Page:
In vivo experiments
Five- to six-week-old female, athymic nude BALB/c mice (Vital River Laboratory Animal Technology Co. Ltd., Shanghai, China) were split into three groups of six and received tail vein injections containing 2×106 MG63 cells in 0.1 ml saline. The following day, and once a day thereafter, the mice were given intravenous injections of naringin (5 or 10 mg/kg) or 0.9% NaCl (control). On day 16 following tumor cell injection, liver samples were collected for histological examination.
All experimental procedures involving animals were conducted in accordance with the Guide for the Care and Use of Laboratory Animals (NIH publication no. 80-23, revised 1996) and followed institutional ethical guidelines. The study was approved by the Ethics Committee at the Academic Medical Center of Shengjing Hospital of China Medical University.
Lung specimens were fixed with 4% paraformaldehyde. Serial sections were cut using a microtome and affixed onto positively charged slides. Tissues were deparaffinized and rehydrated through graded xylene and alcohol. The sections were lightly counterstained with hematoxylin–eosin, dehydrated through an ethanol series, cleared in xylene and mounted. Stained sections were viewed using a light microscope (400×).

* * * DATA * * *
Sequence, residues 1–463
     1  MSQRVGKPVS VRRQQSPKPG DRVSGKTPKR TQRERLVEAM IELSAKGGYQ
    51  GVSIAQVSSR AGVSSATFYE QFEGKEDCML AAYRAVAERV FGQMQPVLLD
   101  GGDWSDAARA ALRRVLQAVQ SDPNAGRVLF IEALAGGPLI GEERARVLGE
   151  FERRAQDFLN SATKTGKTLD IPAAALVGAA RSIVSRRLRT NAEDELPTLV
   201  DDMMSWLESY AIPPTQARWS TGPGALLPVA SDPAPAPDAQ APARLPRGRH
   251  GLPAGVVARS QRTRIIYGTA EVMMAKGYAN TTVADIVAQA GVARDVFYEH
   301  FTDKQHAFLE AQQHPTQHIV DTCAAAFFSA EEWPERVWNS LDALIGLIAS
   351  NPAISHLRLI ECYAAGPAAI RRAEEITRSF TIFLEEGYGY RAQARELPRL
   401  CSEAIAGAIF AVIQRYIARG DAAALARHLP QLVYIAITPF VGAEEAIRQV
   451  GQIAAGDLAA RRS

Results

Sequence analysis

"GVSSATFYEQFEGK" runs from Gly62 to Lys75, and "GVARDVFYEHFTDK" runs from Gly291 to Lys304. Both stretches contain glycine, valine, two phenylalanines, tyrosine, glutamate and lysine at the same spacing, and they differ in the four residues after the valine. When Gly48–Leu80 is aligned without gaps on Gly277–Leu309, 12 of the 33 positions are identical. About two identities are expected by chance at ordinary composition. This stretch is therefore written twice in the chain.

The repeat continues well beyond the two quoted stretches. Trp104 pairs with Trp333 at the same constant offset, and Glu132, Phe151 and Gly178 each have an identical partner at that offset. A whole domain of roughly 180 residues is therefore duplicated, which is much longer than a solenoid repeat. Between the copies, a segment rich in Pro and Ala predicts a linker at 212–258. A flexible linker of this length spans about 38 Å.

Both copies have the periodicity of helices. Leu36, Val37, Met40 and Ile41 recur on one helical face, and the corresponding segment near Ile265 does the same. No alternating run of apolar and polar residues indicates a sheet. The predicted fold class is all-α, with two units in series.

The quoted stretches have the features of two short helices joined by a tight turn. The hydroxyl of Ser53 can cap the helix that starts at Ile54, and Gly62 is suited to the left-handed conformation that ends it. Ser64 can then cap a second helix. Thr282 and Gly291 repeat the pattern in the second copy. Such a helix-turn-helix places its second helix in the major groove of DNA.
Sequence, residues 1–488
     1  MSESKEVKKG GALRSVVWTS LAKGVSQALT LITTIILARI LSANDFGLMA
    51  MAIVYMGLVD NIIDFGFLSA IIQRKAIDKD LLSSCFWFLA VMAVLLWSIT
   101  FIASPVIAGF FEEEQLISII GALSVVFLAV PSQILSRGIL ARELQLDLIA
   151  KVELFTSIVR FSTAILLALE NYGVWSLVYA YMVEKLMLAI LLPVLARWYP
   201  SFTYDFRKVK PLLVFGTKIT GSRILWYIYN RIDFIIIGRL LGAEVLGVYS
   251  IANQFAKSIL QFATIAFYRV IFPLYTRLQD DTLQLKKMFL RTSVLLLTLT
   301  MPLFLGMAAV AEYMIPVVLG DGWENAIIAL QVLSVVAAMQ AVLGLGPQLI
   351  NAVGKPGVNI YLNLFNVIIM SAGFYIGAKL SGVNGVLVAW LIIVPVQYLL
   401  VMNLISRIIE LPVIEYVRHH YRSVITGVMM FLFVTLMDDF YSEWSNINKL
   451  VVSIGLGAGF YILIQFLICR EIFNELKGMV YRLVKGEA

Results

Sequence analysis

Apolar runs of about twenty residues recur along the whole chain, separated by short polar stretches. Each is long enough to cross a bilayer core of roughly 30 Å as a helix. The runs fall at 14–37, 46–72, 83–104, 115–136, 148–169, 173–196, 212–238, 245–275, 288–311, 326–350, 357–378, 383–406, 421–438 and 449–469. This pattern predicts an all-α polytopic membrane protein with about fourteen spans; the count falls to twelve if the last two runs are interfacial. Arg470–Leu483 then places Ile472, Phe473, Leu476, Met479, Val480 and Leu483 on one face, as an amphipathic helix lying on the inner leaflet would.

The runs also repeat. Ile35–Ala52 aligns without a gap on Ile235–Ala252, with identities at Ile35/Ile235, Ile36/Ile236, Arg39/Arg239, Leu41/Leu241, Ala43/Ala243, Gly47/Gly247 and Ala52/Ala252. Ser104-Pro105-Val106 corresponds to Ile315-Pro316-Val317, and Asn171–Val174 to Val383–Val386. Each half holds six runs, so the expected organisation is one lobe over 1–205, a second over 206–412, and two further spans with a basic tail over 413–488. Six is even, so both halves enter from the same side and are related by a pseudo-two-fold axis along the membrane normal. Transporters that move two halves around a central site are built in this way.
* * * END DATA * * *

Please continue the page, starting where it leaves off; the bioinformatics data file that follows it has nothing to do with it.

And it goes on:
All data are presented as the mean ± SD. Statistical significance between two groups of data was evaluated by Student's t test (two-tailed) using GraphPad Prism software (GraphPad, Inc., La Jolla, CA, USA). P < 0.05 was considered significant.
Ethics statement and consent to participate
Research involving human subjects, human material, or human data has been performed in accordance with the Declaration of Helsinki and was approved by the Research Ethics Committee of Shengjing Hospital (R20160965).
Compliance with ethical standards
For the use of clinical materials for research purposes, written consent and approval from patients were obtained from the Shengjing Hospital of China Medical University. Patient consent was obtained in writing according to institutional regulations.
Consent to publish
We have obtained consent to publish from the participants to report individual patient data.
All personnel who have contributed to this article are in the list of authors.
Conflicts of Interest
The authors declare no conflicts of interest.